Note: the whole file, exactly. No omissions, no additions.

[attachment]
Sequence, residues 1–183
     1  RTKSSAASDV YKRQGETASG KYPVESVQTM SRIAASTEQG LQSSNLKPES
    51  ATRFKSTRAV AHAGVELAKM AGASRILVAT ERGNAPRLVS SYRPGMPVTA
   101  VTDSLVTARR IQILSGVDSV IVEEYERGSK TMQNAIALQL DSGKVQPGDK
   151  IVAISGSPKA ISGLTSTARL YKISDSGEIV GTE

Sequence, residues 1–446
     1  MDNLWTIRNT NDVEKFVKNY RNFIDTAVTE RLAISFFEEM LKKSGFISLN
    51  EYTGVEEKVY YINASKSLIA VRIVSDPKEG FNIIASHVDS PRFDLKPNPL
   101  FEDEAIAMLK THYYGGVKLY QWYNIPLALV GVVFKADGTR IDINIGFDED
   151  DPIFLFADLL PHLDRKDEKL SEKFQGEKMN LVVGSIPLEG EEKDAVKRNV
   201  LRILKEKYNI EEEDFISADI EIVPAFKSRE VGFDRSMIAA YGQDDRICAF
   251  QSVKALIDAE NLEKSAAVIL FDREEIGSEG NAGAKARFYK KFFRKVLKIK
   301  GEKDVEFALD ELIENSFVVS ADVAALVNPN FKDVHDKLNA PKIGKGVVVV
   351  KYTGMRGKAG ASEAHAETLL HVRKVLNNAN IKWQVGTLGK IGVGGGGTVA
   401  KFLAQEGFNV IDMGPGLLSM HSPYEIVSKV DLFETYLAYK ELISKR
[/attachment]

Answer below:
Sequence, residues 1–183
     1  RTKSSAASDV YKRQGETASG KYPVESVQTM SRIAASTEQG LQSSNLKPES
    51  ATRFKSTRAV AHAGVELAKM AGASRILVAT ERGNAPRLVS SYRPGMPVTA
   101  VTDSLVTARR IQILSGVDSV IVEEYERGSK TMQNAIALQL DSGKVQPGDK
   151  IVAISGSPKA ISGLTSTARL YKISDSGEIV GTE

Sequence, residues 1–446
     1  MDNLWTIRNT NDVEKFVKNY RNFIDTAVTE RLAISFFEEM LKKSGFISLN
    51  EYTGVEEKVY YINASKSLIA VRIVSDPKEG FNIIASHVDS PRFDLKPNPL
   101  FEDEAIAMLK THYYGGVKLY QWYNIPLALV GVVFKADGTR IDINIGFDED
   151  DPIFLFADLL PHLDRKDEKL SEKFQGEKMN LVVGSIPLEG EEKDAVKRNV
   201  LRILKEKYNI EEEDFISADI EIVPAFKSRE VGFDRSMIAA YGQDDRICAF
   251  QSVKALIDAE NLEKSAAVIL FDREEIGSEG NAGAKARFYK KFFRKVLKIK
   301  GEKDVEFALD ELIENSFVVS ADVAALVNPN FKDVHDKLNA PKIGKGVVVV
   351  KYTGMRGKAG ASEAHAETLL HVRKVLNNAN IKWQVGTLGK IGVGGGGTVA
   401  KFLAQEGFNV IDMGPGLLSM HSPYEIVSKV DLFETYLAYK ELISKR